Brief Synopsis: I was diagnosed with a somewhat rare condition called idiopathic granulomatous mastitis in August 2018. Because of its rarity, there’s not a lot of helpful info on this crazy inflammatory disease on the internet, which was very frustrating when I got my diagnosis. Luckily I’ve managed to find a group of women who also experience this condition, and I’ve learned much more in the last five months. I’m writing down my experiences with GM online, not only to give others out there some real information about the disease, but also to keep track of all the details of my personal story in the hopes of figuring out the why of this disease for myself.

Part 1.  Part 2.  Part 3. Part 4. Part 5. Part 6.

After five weeks of healing from my I&D surgery, at the beginning of October 2018, I began experiencing a second flare up. Funny thing about that surgery—it actually did not take care of the initial lump at all. My surgeon had promised it would soften and go away in time; instead it grew bigger and harder and the skin around reddened all over again, just about an inch away from the incision site. When I went to change the bandages one day, I found more fluid and realized I was experiencing a new abscess.

Just another instance where the granulomatous mastitis support group friends had been spot on, and my doctor had been wrong.

At this point I was still nauseous a lot, had little appetite, and just felt unwell a lot of the time. This had been going on since before I found out I was pregnant, through my missed miscarriage, and all the way through the GM diagnosis. None of my doctors thought it was related, but my primary gave me a Zantac prescription just to see if it would help. (It didn’t.) I had been given a short round of antibiotics in August that had turned the nausea around enough that I could eat consistently again, but the sick feeling never really went away. One thing that slightly helped during this time was when a co-worker suggested pro-biotics. I started using this kind that I found on Amazon, and still take it daily.

At the advice of women from the support group, I let this one do its own thing. I followed the protocol recommended by many there, which was to use warm compresses, castor oil packs, and manuka honey. The abscess (I’m calling it #2) died back down fairly quickly, but three weeks later it started up again (#3). This one did end up bursting, but thankfully it made only a small tear in the skin. (So much for getting the incision & drainage so there would be an easy way for fluid to escape!) Several women in the group mentioned they had also had abscesses pop right next to their incision sites, only for the fluid to tear through new skin anyway, but others had had luck with fluid coming from the open wound. It seemed to be luck of the draw.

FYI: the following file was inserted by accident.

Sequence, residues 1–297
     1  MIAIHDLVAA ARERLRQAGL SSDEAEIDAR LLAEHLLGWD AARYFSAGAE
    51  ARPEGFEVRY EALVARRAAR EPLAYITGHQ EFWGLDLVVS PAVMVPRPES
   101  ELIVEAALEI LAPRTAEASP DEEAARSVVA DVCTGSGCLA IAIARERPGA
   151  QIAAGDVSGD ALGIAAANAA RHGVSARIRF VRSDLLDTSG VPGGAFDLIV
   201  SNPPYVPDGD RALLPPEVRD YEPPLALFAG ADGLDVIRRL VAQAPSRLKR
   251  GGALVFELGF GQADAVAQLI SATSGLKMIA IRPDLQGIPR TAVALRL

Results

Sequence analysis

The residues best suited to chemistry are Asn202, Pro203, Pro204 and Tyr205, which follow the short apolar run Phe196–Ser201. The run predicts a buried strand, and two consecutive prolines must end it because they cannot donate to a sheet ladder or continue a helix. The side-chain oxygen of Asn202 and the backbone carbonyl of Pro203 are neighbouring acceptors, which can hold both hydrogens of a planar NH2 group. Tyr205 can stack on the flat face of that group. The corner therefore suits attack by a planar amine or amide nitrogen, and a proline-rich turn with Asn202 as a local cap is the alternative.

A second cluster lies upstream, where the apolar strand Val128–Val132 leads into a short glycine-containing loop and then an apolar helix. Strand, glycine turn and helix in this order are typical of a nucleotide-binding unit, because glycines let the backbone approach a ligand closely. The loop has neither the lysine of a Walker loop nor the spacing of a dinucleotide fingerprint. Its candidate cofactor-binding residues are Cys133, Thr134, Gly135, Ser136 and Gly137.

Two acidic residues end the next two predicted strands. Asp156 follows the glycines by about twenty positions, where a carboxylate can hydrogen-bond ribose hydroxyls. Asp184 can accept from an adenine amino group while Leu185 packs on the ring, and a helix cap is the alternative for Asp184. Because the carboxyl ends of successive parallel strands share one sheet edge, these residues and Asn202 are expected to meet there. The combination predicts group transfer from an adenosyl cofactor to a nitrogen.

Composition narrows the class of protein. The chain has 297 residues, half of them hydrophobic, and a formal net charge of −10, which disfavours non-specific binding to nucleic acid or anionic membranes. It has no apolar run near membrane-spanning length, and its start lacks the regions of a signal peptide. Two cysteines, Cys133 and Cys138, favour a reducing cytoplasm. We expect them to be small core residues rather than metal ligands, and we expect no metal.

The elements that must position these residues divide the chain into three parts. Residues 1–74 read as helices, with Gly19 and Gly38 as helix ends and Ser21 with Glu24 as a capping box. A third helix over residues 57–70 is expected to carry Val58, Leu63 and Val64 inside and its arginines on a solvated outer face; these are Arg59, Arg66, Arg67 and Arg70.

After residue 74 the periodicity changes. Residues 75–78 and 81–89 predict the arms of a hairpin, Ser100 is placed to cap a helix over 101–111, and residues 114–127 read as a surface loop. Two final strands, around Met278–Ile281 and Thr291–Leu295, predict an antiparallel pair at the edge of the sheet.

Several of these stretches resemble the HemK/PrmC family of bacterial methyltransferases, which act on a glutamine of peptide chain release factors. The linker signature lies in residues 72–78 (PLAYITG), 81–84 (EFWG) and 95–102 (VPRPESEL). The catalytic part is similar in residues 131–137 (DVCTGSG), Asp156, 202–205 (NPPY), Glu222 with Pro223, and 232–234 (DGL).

The next month we decided to start trying again for a baby, since that plan had been put on hold for awhile with the initial GM diagnosis. Others in the group had gotten a reprieve from GM symptoms during pregnancy, and since mine apparently started with a pregnancy, I had hopes it could be reversed in the same way. Others, though, had been diagnosed during pregnancy and continued to have symptoms after–so I really had no idea which way this might go.

We ended up with a confirmed positive at the end of November, but unfortunately we lost that little one a couple weeks before Christmas. That pregnancy, though, really confirmed to me that my GM was pregnancy/hormone related: Just before I got the positive test, the entire mass suddenly softened and dissolved almost entirely. My appetite came back, and for the first time in months I didn’t feel nauseous constantly. I also did not get another new abscess in December, the first month that pattern skipped. But that was short lived, because January brought the mass back with an accompanying abscess and a return to feeling ill. It seemed like my GM pattern was to flare up with my cycle each month. I felt grateful that at least I had an idea of how my GM was going to affect me from here on out, and extremely thankful that my flare ups were mild compared to what I knew other women experienced.

And then in February, God sent our rainbow baby.

I was one of the incredibly lucky ones. With pregnancy, my granulomatous mastitis completely resolved; I never had another mass or abscess after January 2019. I worried through the pregnancy, first that we would experience another loss, and later that my GM would return as soon as our daughter was born. But that didn’t end up being the case. Our girl was born in November 2019, and my GM has been in remission ever since. She truly is my little miracle rainbow baby.

Baby born after granulomatous mastitis diagnosis and remission

I had worried in the previous year that I would not be able to nurse another baby after my surgery, but we were again spared another consequence of GM. S was a champion feeder from the get go and we were able to go around 20 months before she weaned herself.

And that—for now—is the end of my granulomatous mastitis story.

I know it could come back at anytime. Many women experience a years long remission, only to find themselves suddenly thrust back into it. I’m mentally prepared for it, if it does, but I’m hopeful that those days are behind me for good.

If you are a woman with granulomatous mastitis, please feel free to reach out with any questions. I would love to help you and encourage you in any way I can. And please seek out the support group on Facebook. There is a wealth of information and overwhelming support there—my journey would have been far different without them.